Posted in February, 2011

Never a miscommunication.

Edit: Looks like Viacom had to spoil everyone’s party. It’s here on the Colbert Nation site, though (skip about half way through for the relevant part).


Today I made my first purchase (ever) from the Mac App Store. I can’t say I’ll be purchasing anything from there again, but seeing as Sparrow was only available on the App Store, I didn’t really have any choice.


Which brings me to the app itself. I first heard about Sparrow back when it was in beta, and at that point it wasn’t developed far enough for me to be interested. But today I read on Daring Fireball that it had hit 1.0. The screenshots looked cool, the video looked cool, and I guess $10 isn’t that much.

No Demo?

This is where a demo would have been nice. I’ve used Gmail from the web since the beginning, so switching to a desktop client was iffy for me. Luckily it worked out, and I love Sparrow so far, but this almost made me didn’t want to purchase the app — videos and screenshots are one thing, but actually demoing a product is another experience entirely.

The lack of demo versions of the software on the App Store has been one of its main criticisms; that being said, I can’t say I really see a solution that not only offers a demo version, but is a clean and efficient way of handling the demo period and prevents piracy.

Sparrow So Far

The problem I’ve had with desktop clients of originally web-based apps is that the UI’s didn’t really transfer over well, and I had yet to use a desktop app that made it worth moving away from the web-based interface.

An example of this is Reeder, which is intended to replace Google Reader. While it’s a nice-looking app and does everything it advertises, I still couldn’t see why I should be running an extra app to do what already works so well in the browser.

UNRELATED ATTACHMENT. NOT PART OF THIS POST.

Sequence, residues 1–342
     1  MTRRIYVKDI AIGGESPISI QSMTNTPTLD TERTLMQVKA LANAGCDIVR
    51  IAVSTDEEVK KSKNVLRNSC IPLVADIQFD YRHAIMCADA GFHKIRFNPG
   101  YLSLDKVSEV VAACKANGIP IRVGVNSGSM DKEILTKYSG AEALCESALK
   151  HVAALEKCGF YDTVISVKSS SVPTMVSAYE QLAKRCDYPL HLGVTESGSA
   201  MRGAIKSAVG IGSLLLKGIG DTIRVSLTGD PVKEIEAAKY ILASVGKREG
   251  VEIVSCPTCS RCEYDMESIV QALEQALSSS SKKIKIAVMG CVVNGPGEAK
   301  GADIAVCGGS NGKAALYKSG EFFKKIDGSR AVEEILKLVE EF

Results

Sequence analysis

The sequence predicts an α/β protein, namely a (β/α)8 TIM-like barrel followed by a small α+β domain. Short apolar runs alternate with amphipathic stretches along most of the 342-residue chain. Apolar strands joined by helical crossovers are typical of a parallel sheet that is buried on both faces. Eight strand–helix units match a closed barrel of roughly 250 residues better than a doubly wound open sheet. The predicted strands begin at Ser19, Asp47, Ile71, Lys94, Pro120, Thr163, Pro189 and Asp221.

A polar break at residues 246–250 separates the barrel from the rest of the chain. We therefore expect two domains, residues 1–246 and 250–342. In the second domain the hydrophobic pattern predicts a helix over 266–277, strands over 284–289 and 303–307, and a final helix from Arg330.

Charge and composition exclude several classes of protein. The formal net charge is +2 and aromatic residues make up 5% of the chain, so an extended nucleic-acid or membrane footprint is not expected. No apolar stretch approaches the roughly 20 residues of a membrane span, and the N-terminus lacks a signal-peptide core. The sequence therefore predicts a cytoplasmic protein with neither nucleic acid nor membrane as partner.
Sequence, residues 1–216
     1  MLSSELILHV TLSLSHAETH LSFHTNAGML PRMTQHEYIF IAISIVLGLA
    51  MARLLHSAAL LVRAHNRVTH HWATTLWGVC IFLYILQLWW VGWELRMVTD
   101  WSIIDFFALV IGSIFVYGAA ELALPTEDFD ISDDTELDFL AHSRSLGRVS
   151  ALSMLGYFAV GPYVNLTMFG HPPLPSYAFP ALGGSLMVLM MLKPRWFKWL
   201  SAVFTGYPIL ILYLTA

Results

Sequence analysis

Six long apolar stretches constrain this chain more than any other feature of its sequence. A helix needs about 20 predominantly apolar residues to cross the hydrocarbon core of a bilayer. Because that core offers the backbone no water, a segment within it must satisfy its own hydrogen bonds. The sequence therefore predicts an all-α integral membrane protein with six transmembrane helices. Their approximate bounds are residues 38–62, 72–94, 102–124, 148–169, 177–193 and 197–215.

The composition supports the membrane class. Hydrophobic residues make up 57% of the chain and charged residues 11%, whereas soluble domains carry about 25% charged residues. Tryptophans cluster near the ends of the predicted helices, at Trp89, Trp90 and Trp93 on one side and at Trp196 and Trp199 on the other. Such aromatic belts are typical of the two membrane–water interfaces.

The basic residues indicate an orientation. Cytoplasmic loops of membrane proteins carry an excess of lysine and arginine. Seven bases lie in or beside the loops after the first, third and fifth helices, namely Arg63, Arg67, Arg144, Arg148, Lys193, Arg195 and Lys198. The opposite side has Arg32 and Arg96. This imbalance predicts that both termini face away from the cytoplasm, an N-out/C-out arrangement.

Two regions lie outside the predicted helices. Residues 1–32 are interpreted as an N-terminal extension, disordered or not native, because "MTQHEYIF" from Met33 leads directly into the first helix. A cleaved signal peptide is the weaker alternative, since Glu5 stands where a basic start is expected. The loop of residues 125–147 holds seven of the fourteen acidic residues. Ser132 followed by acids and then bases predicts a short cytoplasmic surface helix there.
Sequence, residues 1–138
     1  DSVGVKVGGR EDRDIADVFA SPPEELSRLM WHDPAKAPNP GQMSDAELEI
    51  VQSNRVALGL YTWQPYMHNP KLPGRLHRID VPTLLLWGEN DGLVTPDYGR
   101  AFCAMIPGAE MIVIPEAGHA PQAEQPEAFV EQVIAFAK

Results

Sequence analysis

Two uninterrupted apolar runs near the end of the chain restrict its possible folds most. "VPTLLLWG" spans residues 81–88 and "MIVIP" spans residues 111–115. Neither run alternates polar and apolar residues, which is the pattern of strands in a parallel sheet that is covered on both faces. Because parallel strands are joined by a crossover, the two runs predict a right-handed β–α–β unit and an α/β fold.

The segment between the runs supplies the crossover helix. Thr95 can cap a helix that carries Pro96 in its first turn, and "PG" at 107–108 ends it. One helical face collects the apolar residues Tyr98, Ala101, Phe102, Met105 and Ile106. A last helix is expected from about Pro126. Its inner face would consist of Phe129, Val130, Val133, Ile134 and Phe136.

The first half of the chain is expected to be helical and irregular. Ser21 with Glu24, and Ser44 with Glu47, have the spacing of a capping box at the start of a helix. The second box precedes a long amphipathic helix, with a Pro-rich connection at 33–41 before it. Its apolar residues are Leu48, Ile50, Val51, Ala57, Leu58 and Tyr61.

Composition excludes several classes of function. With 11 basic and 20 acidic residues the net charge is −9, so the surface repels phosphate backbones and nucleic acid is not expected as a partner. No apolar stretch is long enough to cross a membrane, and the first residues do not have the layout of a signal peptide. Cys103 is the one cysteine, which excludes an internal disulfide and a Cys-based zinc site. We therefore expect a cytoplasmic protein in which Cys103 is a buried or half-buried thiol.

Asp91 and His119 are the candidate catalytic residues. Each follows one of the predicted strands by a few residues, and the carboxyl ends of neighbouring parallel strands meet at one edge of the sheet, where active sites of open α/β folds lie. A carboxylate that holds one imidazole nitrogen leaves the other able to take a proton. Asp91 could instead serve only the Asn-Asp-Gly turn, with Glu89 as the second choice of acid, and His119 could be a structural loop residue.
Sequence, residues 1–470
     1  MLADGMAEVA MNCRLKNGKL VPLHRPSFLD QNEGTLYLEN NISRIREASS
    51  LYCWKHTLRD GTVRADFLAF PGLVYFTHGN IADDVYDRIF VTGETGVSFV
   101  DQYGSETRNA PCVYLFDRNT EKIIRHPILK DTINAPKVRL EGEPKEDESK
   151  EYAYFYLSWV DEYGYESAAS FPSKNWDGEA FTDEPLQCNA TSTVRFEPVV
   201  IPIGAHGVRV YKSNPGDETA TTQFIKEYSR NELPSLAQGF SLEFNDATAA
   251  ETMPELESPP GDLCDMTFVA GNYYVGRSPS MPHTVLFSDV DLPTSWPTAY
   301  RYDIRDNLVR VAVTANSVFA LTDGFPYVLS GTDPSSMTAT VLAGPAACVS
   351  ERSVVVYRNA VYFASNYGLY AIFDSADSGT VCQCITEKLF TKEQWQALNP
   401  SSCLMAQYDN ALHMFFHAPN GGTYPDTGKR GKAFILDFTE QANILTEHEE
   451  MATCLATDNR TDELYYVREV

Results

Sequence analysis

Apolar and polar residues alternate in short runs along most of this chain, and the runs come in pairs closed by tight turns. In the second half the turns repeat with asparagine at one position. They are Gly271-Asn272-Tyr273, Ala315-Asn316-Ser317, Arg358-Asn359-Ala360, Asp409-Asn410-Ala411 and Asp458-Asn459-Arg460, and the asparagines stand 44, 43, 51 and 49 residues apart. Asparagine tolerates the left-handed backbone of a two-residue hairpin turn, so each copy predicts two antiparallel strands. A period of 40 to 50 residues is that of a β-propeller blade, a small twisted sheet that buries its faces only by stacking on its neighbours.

I can now say that Sparrow is the first desktop client of a web-based app that actually improves on the experience. The UI is arguably less cluttered, as well as improved:

  • I don’t have a junk mail box in the main column (spam gets auto-cleaned every 30 days anyways).((However, if you want to view your junk mail, there’s an option for that.))
  • I don’t have to deal with the contacts and the chat; I use neither.
  • Messages’ chronology is bottom-to-top, whereas the web goes top-to-bottom.
  • The quick reply is magic. Hit R, type your quick message, and send (Apple-Shift-D, like
  • Of course, cool Mac OS X-style animations.

I think that Sparrow’s design is something that I can use for a long time, and it will certainly help speed up the minimal amount of time I spend on email on a daily basis.

It Looked Like the Twitter App

Sparrow in action

From first glance, it had a similar UI as the Twitter app. Thankfully, it actually works well, doesn’t sacrifice usability for the sake of an attractive UI, and doesn’t involve Twitter.


Overall, I’m very satisfied with my purchase. Assumably I’ll be getting free upgrades for the lifetime of this app, which makes my $10 go very, very far. Thankfully the lack of a demo didn’t affect my decision, but if the app was, say, $50 or so, I’d have my doubts.

That being said, I’m hardly an email power user, so my observations are largely from the perspective of a casual emailer; people who spend hours on their email every day may have a different experience with Sparrow. So far, though, Sparrow is awesome.